Consumers want to know: Is animal production taking food out of my mouth? Are cows eating MY food?
The Council for Agricultural Science and Technology aims to address those questions and others in a new video released Thursday. The group says helping consumers learn about the role animals can have in a healthy diet sheds light on how livestock production can maximize resources that could otherwise be unusable.
In the video, scientific experts address the knowledge gap that exists as to the quantity of human food and fiber by-products used within animal agriculture. It expands on the "feed versus food" issue, using science-based information such as:
• Global animal agriculture provides nutrient-dense foodstuffs that support human health and well-being as part of a balanced diet as well as many by-products that benefit humans.
• The global livestock industry faces considerable challenges as the population grows, and demands for more food must be aligned with concerns about the environment, economy, and sustainability. Many may not realize the productivity gains made by modern practices, by-product feeds, and technology.
• Livestock production is important in the economic and social sustainability of developed and developing countries alike.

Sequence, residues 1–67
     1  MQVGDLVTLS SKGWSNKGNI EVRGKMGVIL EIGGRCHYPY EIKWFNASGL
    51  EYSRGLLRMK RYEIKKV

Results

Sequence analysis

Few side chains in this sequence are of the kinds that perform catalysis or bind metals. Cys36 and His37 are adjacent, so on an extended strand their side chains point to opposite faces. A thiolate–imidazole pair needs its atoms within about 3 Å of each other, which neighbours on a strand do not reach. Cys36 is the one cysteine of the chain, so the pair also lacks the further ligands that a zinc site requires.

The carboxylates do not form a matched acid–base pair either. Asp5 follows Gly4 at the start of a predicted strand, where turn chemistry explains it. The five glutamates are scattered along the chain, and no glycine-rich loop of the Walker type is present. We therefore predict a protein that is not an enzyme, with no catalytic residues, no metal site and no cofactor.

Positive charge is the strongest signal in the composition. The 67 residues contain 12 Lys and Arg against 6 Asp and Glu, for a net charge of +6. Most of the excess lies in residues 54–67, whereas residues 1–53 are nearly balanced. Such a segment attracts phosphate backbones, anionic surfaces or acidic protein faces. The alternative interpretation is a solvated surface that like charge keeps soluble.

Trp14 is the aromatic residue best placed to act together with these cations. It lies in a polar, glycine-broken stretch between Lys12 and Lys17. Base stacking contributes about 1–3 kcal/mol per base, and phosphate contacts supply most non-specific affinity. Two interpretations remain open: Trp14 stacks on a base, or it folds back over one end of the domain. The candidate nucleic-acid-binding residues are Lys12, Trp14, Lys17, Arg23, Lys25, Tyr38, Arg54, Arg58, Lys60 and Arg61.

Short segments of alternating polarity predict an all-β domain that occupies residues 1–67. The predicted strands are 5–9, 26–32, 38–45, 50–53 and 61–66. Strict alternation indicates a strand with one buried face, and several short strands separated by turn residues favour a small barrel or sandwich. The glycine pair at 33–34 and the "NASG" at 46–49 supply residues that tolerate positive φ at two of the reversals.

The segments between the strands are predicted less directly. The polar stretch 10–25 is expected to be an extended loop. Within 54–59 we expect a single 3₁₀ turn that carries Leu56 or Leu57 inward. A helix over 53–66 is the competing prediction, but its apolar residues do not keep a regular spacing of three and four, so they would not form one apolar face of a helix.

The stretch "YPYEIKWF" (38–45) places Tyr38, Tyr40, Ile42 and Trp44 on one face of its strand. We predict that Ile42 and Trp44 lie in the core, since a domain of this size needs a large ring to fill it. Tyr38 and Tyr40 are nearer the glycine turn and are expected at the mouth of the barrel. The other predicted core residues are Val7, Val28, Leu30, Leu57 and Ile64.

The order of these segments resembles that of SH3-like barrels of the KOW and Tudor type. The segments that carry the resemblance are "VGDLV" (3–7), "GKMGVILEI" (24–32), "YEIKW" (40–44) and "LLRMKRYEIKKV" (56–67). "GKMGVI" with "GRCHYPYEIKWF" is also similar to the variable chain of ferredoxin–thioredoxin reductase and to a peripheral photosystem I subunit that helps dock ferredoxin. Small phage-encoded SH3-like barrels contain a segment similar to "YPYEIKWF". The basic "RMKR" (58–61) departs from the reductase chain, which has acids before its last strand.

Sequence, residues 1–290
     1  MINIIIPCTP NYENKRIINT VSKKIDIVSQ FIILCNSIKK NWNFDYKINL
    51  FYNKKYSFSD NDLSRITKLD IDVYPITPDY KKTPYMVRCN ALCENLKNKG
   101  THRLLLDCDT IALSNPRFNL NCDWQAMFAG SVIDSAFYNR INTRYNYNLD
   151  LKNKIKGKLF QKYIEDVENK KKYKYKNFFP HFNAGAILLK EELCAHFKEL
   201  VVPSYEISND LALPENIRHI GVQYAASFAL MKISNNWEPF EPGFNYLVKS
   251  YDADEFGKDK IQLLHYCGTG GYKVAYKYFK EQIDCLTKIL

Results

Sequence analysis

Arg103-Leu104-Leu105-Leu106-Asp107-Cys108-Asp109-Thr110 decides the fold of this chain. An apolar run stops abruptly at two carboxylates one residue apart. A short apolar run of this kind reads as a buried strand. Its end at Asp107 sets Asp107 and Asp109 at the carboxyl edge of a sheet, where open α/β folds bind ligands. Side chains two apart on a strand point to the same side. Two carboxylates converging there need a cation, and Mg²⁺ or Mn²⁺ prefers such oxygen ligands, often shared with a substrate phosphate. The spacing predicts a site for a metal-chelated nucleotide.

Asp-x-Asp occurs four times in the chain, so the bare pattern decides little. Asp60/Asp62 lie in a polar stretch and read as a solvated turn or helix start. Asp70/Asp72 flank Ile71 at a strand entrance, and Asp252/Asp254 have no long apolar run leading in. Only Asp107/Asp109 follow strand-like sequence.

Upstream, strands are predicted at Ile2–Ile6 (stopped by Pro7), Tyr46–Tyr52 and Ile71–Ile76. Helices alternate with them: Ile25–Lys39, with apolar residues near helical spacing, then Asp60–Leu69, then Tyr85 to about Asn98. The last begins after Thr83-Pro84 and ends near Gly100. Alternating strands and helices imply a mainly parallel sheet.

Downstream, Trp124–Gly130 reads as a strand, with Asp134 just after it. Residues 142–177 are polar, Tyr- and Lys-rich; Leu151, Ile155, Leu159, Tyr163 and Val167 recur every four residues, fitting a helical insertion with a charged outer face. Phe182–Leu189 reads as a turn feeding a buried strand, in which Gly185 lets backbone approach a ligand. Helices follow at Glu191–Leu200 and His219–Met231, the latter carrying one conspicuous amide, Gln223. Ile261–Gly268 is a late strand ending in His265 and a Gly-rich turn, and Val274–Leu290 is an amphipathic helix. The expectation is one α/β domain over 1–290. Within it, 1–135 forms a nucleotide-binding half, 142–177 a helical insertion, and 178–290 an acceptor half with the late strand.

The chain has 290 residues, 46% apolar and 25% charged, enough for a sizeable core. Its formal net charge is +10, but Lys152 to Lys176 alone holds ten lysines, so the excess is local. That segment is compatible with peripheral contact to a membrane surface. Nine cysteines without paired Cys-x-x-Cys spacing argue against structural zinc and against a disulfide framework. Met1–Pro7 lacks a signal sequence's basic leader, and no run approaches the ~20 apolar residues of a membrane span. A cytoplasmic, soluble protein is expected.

In the paper and during the video, Task Force Chair Dr. Jude Capper of the University of Montana uses statistics and common sense to explain why animal agriculture is important.
"Cattle eat many types of feed-substances that are not edible by humans. This means a more sustainable system," she explains, adding that land incapable of supporting the production of human food crops can be used efficiently by ruminant animals to produce meat and milk products.
Improved communication is needed between livestock producers and consumers, CAST says, which is why the video focuses on information that will inform the general public, be useful for students researching animal agriculture and be of value for organizations looking at the impact of using animals as a food source.
The video is based on the text of a CAST issue paper, Animal Feed vs. Human Food: Challenges and Opportunities in Sustaining Animal Agriculture Toward 2050.